Motocross champion turned stuntman and stunt coordinator Bud Ekins died of natural causes at age 77. His most famous screen moment was as Steve McQueen's stunt double in "The Great Escape." Even though Steve McQueen was a world class motorcycle rider himself, producers didn't want to risk their star and McQueen's pal Bud Ekins did the famous motorcycle jump over the barbed wire fence in the classic film. Bud Ekins was a renowned motocross champion in the 1950s. He befriended Steve McQueen in the early 1960s. "The Great Escape" was his first film job. He worked as a stunt rider on over 30 films. Mr. Ekins was the stunt coordinator on one of my personal favorite films: "Electra Glide in Blue." The movie includes an incredible motorcycle chase between two cops played by Robert Blake and Billy Green Bush and a gang of drug dealers on dirt-bikes. Not all of Bud Ekins' work was on two-wheeled vehicles. The term 'yumping' was coined to describe the car jump that Bud Ekins made in the Steve McQueen cop-thriller "Bullitt." Mr. Ekins drove the souped-up Mustang during the famous car-chase scene. As the car jumped the crest of a hilly San Francisco street, all four wheels left the ground. That type of stunt became known as 'yumping.' Other stunt credits include "The Cincinnati Kid," "Then Came Bronson," "Diamonds are Forever," "Chrome and Hot Leather," "Earthquake," "The Towering Inferno," "Race With the Devil," "Animal House," "1941" and "City Heat." Mr. Ekins also acted in several films including the original version of "The Love Bug" and "Pacific Heights." Mr. Ekins was the father of producer Susan Ekins and production designer Donna Ekins-Kapner.
SISI CHEN Died Oct. 7, 2007
Chinese actress Sisi Chen died of pancreatic cancer at age 69. Ms. Chen appeared in over 30 films during her career. She starred in the 1964 Hong Kong comedy hit "Three Charming Smiles." Other credits include "Miss Fragrance," "The Shadow" and "The Ghost's Revenge."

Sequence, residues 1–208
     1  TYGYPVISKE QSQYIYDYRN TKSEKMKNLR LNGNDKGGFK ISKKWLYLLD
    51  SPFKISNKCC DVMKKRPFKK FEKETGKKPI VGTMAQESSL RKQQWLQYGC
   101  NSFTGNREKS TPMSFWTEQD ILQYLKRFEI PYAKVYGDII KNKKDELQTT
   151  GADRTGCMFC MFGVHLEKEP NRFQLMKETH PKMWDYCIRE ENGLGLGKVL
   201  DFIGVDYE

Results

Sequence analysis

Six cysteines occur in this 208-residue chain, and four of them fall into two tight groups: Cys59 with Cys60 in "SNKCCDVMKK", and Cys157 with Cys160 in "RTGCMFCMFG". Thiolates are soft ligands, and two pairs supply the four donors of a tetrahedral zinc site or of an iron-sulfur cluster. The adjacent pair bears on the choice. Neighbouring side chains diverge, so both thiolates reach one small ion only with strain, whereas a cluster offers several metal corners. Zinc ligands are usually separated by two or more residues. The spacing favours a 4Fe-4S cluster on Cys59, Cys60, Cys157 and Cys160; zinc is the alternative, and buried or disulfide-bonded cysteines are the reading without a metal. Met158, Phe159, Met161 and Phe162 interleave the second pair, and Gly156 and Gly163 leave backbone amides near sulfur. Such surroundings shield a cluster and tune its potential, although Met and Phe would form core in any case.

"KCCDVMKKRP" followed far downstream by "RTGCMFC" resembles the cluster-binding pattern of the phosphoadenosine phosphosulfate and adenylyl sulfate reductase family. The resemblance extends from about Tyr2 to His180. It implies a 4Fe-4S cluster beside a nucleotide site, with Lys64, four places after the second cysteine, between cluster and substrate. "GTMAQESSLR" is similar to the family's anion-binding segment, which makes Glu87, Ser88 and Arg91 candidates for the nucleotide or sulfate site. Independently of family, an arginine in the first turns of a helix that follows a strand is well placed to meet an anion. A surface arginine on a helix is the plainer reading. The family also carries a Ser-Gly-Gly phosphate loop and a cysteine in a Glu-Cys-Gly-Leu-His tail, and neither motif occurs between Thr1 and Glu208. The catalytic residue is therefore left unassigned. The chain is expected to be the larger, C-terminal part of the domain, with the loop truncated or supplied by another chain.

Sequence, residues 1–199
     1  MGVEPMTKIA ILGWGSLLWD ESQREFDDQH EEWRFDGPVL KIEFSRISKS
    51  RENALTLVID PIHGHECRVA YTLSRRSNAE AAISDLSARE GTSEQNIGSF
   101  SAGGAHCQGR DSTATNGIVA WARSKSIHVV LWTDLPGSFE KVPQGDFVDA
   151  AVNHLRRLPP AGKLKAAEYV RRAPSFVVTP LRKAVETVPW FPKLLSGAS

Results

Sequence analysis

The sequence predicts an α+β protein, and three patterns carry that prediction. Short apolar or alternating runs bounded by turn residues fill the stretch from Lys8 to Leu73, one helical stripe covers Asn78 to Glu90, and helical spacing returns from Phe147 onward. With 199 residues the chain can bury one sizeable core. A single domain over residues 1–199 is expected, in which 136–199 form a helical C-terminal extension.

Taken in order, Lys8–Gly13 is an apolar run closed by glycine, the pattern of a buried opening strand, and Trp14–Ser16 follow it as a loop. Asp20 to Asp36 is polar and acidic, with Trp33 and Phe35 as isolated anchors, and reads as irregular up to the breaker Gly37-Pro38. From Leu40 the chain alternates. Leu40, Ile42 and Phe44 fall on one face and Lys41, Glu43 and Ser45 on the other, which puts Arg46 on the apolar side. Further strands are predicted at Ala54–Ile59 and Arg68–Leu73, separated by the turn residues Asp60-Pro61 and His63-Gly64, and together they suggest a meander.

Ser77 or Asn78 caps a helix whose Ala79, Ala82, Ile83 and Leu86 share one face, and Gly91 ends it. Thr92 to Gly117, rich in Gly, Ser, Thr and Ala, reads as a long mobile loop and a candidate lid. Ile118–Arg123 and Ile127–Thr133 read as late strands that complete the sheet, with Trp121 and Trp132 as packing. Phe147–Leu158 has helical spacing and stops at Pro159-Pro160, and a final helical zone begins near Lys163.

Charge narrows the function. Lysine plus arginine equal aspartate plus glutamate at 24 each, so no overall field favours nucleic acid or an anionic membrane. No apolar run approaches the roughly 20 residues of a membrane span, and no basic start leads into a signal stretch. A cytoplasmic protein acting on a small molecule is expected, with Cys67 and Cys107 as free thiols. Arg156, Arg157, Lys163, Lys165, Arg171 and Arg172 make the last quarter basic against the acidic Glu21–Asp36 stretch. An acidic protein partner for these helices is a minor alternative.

JACK COPELAND Died Oct. 7, 2007
Director/producer Jack Copeland died at age 80. Mr. Copeland directed over 100 industrial films through his company National Education Media. His foray into feature films was the 1957 thriller "Hell's Five Hours" which starred Vic Morrow as a deranged terrorist threatening to blow up a town. Mr. Copeland served his country as a US Army photographer during WWII.
MICHAEL DEL MEDICO Died Oct. 7, 2007
Actor and playwright Michael Del Medico died at age 81. The Chicago based actor, director worked in region theater in the Windy City as well as on and off Broadway. Mr. Del Medico appeared on Broadway in the original production of "Inherit the Wind" with Paul Muni. He also appeared in Broadway in "The Disenchanted" with Jason Robards and George Grizzard. He played several roles in the 1969 Indie film "Children's Games." Mr. Del Medico was a US Marine who served his country during the Korean War.
JIRINA STEIMAROVA Died Oct. 7, 2007
Czech actress Jirina Steimarova died at age 91. She made her film debut at age 16 in the 1933 movie "Ecstasy." The movie is best remembered for Hedy Lamarr's nude scene. Ms. Steimarova appeared in nearly 40 films and TV shows during her career. Ms. Steimarova is part of a theatrical family. Both her parents were actors. Her son was the award-winning actor Jiri Kodet who died of cancer in 2005. She was also the mother of actress Evelyna Steimarova. Two of Ms. Steimarova's granddaughters are also film actresses.
LORINDA HOLLINGSHEAD Died Oct. 7, 2007
Assistant editor and assistant music editor Lorinda Hollingshead died at age 56. Ms. Hollingshead's assistant editor credits include "¡Three Amigos!," "Into the Night," "Trading Places" and "Let's Spend the Night Together." She was an assistant music editor on "The Blues Brothers" and a sound effects editor on Steven Spielberg's "1941."
JEROME GOLLARD Died Oct. 8, 2007
Novelist and screenwriter Jerome Gollard died at age 93. Mr. Gollard wrote the movies "Jinx Money" and "Inner Sanctum." Mr. Gollard wrote for Radio and TV also. His TV credits include "Checkmate," "77 Sunset Strip" and "The Fugitive."
CAROL BRUCE Died Oct. 9, 2007
Actress and singer Carol Bruce died of chronic obstructive pulmonary disease at age 87. Ms. Bruce began her career as a singer in the 1930s. She appeared on Broadway before breaking into films. She continued to focus her career on the stage though. Ms. Bruce was best known to TV audiences for her role as Mama Carlson on the hit TV series "WKRP in Cincinnati." Ms. Carol appeared in nearly 40 films and TV shows during her career. She appeared in seven Broadway productions including the 1946/47 revival of "Showboat."